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Comprehensive Drug Abuse Prevention and Control Act of 1970

Recreational drug use became relatively common in the U.S. in the late 1960s. To combat illegal drug use, Congress passed the Comprehensive Drug Abuse Prevention and Control Act of 1970. The drug laws before the law weren't adequate to address, for example, the illegal use of prescription drugs.

The act consists of three main parts: Titles I, II, and III. It classifies and outlaws certain drugs. It also allows for research on drug abuse and provides treatment. Changes in drug use in the U.S. after 1970 have resulted in amendments to the act. The Drug Enforcement Administration (DEA) is the federal agency responsible for enforcing controlled substance laws, including the act.

This article summarizes the act's historical background and Titles I, II, and III.

Historical Background of the Act

As noted above, American's recreational drug use seemed to come to a head in the 1960s. Historians note that a counter-culture movement during the '50s and '60s led to the increased use of drugs. Critics of recreational drug use felt that drugs such as methamphetamine, stimulants, and depressants represented a danger to the United States. Specifically, they cited the destruction of the country's morality and public health.

To combat this rise in drug use, President Richard Nixon signed into law the Comprehensive Drug Abuse Prevention and Control Act of 1970. In 1971, Nixon said that drug abuse was "public enemy number one." He based the "war on drugs" on the Controlled Substances Act (CSA) found in Title II of the Act.

The DEA began in 1973. Its goal is that of drug control by enforcing America's drug laws. The DEA is part of the United States Department of Justice.

Over the years, Congress has amended the act. The DEA and the Department of Health and Human Services, among other groups, may propose changes to the act. The act is codified as 21 U.S.C. Section 812.

Title I: Drug Rehabilitation and Education Programs

Title I of the act establishes drug rehabilitation programs for those who abuse or are dependent upon drugs. For example, it allows the government to fund detoxification services, psychological counseling, and community-based services.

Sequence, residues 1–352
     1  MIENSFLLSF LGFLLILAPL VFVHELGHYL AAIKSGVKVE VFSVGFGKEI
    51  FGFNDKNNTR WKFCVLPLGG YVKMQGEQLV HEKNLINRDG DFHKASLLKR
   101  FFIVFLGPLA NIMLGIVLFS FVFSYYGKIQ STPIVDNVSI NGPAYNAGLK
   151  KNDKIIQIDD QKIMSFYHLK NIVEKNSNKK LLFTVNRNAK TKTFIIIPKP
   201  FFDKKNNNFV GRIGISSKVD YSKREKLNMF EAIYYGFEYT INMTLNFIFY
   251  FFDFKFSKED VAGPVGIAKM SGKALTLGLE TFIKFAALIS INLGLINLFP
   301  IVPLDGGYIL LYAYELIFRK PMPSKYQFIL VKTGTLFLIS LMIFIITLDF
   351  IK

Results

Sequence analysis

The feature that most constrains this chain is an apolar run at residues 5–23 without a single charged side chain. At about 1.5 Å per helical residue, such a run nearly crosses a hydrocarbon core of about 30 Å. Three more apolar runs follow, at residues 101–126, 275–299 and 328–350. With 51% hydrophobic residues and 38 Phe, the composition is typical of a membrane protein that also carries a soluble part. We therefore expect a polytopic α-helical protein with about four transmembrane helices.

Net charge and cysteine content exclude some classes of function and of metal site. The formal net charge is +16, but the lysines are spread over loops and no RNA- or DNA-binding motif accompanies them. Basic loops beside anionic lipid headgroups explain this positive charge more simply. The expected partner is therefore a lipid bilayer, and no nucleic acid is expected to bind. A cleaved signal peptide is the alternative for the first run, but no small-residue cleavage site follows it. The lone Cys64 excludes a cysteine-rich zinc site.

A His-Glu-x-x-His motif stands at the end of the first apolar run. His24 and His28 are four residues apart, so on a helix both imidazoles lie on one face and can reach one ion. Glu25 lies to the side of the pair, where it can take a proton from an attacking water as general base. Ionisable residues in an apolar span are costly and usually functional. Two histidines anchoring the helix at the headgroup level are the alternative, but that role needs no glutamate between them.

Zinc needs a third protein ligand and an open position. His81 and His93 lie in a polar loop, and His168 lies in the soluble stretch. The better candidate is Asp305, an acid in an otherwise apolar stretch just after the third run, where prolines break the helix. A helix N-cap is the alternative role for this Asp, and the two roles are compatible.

It also established educational programs on drug abuse. This reflects a policy that there is a public interest in educating citizens about drug abuse and addiction.

Title II: Controlled Substances Act

An important part of the Comprehensive Drug Abuse Prevention and Control Act is the Title II section, the CSA. This law consolidated laws on drug manufacturing and distribution. For example, it codified laws on narcotics, hallucinogens, steroids, amphetamines, and other chemicals when used to make controlled substances.

As part of the CSA, the act created a "drug schedule." The schedule classifies drugs into five categories. A drug's category is based on its medical use and potential for abuse or dependence.

A substance doesn't need to be listed as a controlled substance to be treated as one for criminal prosecution. For example, suppose a substance is intended for human use but not approved as a medication. If the substance is substantially like a scheduled drug, the government may consider it a controlled substance for law enforcement purposes.

The CSA's categories are as follows:

Schedule I Drugs

Schedule I drugs do not have mainstream accepted medical uses and have a high potential for abuse. These drugs include heroin, LSD, marijuana, ecstasy, methaqualone, and peyote.

Several states have legalized medical and recreational cannabis. But, the federal government considers cannabis a Schedule I drug. So, cannabis use is illegal under federal law but legal under some state laws.

Schedule II Drugs

These drugs have a high potential for abuse and are also considered dangerous. They have accepted medical uses. Examples of such drugs are cocaine, methamphetamine, methadone, Demerol, OxyContin, Adderall, and Ritalin.

Schedule III Drugs

These drugs have a moderate to low potential for physical and psychological dependence. Schedule III drugs include codeine, ketamine, and anabolic steroids.

Schedule IV Drugs

These drugs have a low potential for abuse and a low risk of dependence. Schedule IV drugs include Xanax, Klonopin, Valium, Ativan, and Ambien.

Schedule V Drugs

These drugs have the least potential for abuse and contain limited quantities of certain narcotics. These medications are usually used for antidiarrheal, antitussive, and analgesic purposes and may not need a prescription. Schedule V drugs include cough syrups with limited amounts of codeine, Robitussin AC, Lomotil, Motofen, Lyrica, and Parepectolin.

Title III: Importation and Exportation, Criminal Forfeiture, and Drug Law Amendments

A less referenced part of the Act is Title III. It amended the law and penalties on the importation and exportation of controlled substances and criminal forfeiture. Forfeiture is when the government confiscates property involved in a crime. Title III also provided legal information for the act's transitional period.

Get Professional Help With Your Drug Charges

Drug charges are serious, although this varies quite a bit state by state. Understanding the consequences of a drug charge conviction is important when considering a plea deal. Contact an experienced criminal defense attorney today to learn more about your options.

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